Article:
You’ve decided it’s time to buy a new car. Whatever your reasons, whether it be a change in circumstances, a need for more space or particular features, or simply that your old car is not up to scratch any more, often one of the most common questions that comes up is whether to buy new or used.
As you would imagine, there are no hard and fast rules as it all comes down to personal preferences and your particular needs and situation but there are a few factors you should consider before making the decision.
For most people, the first consideration is budget.
Cars depreciate most or lose their greatest value in the first couple of years on the road, so you can save a significant amount of money by buying a relatively late model used car compared with a brand new one. Potentially, if you have a good idea of what type of car you want, you might also be able to buy a used car that offers more features or a higher level of specification for the same amount of money as the new model.
But although you will always pay less for a used car than a similar brand new one, this needs to be weighed up against a number of other factors.
In today’s market, most new cars come with a full five-year manufacturer’s warranty, so part of what you are buying in a new car is the confidence in its reliability. It is brand new and so has no history of being driven by anyone else. All its myriad components would be expected to be in perfect condition and set to last for many years to come, giving you a sense of security and peace of mind.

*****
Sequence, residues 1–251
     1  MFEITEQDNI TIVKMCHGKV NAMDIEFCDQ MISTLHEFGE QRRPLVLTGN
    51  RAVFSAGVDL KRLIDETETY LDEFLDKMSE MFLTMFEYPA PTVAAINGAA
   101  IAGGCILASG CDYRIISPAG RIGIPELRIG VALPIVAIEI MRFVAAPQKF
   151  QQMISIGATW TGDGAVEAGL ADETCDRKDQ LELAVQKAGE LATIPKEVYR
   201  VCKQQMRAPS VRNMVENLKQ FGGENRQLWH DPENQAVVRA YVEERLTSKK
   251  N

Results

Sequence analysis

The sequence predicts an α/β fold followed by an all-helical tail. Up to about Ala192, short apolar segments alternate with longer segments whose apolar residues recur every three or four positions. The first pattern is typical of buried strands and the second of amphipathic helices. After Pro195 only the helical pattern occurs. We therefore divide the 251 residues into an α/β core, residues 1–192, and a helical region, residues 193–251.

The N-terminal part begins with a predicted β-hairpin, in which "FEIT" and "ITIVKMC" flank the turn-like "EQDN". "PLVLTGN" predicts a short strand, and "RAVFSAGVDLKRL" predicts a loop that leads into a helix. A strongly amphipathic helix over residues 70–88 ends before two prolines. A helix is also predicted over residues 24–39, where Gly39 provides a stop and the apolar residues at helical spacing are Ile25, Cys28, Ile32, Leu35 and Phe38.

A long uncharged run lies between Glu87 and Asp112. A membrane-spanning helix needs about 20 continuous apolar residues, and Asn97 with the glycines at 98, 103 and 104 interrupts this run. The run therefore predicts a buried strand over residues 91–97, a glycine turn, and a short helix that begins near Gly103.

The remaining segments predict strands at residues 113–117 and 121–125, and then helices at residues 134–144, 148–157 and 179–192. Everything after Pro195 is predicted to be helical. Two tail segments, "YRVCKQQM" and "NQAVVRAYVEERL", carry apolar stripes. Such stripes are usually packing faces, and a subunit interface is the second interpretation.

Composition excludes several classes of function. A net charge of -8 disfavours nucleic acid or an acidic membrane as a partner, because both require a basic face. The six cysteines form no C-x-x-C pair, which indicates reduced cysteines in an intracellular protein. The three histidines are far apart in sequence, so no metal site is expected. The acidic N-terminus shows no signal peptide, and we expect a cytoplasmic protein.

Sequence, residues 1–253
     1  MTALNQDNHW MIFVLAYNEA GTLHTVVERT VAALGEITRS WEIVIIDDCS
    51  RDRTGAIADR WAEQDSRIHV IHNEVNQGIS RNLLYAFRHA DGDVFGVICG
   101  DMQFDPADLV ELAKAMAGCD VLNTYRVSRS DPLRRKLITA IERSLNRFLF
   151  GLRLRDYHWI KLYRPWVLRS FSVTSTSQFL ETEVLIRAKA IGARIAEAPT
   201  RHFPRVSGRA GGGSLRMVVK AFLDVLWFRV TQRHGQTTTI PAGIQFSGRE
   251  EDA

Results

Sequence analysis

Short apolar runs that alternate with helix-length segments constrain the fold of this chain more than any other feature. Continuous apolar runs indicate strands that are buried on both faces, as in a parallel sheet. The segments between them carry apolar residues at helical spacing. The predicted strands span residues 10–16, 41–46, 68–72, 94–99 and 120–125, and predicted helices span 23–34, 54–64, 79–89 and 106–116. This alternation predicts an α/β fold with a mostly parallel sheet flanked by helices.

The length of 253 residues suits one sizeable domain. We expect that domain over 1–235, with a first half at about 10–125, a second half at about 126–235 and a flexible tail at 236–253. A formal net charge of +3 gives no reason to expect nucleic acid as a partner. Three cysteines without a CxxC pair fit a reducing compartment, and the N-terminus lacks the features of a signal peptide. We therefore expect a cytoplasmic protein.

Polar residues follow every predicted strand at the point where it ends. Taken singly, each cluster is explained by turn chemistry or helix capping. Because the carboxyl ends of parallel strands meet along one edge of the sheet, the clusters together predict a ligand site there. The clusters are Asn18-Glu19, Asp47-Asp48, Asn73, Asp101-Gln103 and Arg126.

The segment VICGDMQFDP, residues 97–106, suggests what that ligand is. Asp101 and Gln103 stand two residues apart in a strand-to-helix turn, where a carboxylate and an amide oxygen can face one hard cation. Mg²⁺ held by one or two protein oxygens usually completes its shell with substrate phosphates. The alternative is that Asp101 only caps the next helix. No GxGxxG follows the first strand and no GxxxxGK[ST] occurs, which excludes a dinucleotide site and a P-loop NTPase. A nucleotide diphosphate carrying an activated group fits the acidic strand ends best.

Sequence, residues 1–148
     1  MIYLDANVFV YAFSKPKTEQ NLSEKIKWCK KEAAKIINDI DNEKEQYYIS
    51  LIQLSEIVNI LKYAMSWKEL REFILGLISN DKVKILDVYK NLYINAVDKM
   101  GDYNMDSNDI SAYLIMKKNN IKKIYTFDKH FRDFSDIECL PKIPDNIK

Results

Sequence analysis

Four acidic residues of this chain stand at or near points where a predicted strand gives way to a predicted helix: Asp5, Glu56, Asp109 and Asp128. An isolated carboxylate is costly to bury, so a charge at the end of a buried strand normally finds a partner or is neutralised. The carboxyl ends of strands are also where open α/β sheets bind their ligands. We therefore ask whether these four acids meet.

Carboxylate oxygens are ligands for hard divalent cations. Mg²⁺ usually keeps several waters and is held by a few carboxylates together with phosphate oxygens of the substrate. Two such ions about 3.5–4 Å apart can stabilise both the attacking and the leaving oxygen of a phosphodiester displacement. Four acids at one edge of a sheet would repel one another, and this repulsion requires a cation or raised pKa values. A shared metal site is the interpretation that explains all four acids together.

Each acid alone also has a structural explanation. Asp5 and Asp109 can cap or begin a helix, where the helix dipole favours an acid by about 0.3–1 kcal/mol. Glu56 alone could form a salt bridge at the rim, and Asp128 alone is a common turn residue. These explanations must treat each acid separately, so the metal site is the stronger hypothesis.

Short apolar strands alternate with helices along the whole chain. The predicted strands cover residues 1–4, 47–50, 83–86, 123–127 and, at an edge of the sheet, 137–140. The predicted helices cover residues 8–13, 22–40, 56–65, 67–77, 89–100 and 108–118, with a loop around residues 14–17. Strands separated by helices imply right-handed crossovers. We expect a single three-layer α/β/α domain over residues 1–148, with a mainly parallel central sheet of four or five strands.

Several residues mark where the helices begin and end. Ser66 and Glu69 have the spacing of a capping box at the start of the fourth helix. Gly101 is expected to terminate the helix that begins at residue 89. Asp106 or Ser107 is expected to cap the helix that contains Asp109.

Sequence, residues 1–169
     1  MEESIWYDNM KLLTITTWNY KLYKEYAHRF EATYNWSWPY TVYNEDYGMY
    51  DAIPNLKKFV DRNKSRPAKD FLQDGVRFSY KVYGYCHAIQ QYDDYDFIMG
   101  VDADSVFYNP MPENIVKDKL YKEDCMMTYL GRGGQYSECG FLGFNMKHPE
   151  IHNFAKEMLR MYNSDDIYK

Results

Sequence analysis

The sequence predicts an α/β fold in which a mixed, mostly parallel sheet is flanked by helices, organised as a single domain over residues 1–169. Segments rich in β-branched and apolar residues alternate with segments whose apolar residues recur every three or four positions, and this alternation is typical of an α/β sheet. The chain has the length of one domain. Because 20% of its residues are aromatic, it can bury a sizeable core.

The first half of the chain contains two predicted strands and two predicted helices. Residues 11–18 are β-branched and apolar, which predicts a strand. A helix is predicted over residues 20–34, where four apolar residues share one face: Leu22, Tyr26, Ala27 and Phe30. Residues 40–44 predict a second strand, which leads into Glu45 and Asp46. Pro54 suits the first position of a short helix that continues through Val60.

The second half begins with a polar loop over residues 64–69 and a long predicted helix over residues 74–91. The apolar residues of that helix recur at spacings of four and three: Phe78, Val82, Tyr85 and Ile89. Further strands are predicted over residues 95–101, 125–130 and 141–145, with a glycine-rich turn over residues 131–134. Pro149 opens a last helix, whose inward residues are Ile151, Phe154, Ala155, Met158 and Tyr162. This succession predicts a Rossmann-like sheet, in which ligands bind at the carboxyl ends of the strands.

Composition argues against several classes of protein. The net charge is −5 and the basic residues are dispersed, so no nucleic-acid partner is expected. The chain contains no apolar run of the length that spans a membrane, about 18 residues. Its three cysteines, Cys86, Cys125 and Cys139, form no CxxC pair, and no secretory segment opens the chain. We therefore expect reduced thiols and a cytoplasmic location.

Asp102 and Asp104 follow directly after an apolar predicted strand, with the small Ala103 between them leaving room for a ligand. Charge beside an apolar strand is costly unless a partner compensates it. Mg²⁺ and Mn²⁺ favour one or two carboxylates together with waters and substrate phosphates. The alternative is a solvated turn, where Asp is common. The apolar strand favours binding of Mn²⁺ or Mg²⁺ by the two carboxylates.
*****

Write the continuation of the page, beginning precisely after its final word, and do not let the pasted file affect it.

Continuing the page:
Alternatively, buying used can be a bit of a gamble. Depending on the age of the car and the distance it has travelled, it might be in need of maintenance. Perhaps more importantly, you will never know how or where it has been driven with certain driving and road conditions often taking a greater toll on a car’s mechanical systems that may end up costing you money.
Tied to this is what you might expect to pay in future running costs. Many new cars are now sold with capped price servicing that offers regular scheduled servicing – a necessary condition of the new car warranty – at a franchised dealer for a maximum set price. Such offers are generally not available for used cars and, as parts and components wear, they become less efficient so you might also find yourself using more fuel or oil in a used car.
Another factor to consider is what you want in your car. If you are buying new, once you have selected the model, you can specify exactly what options, trim, accessories and colour you want and are not limited to what particular vehicles might be on the dealer’s lot.
Finally, there is the beguiling emotional appeal of buying a new car that is exactly what you want. It’s new, untouched, has probably no more than a few kilometres on the clock and has that particular new car smell. And for many people, that is something you just can’t put a value on.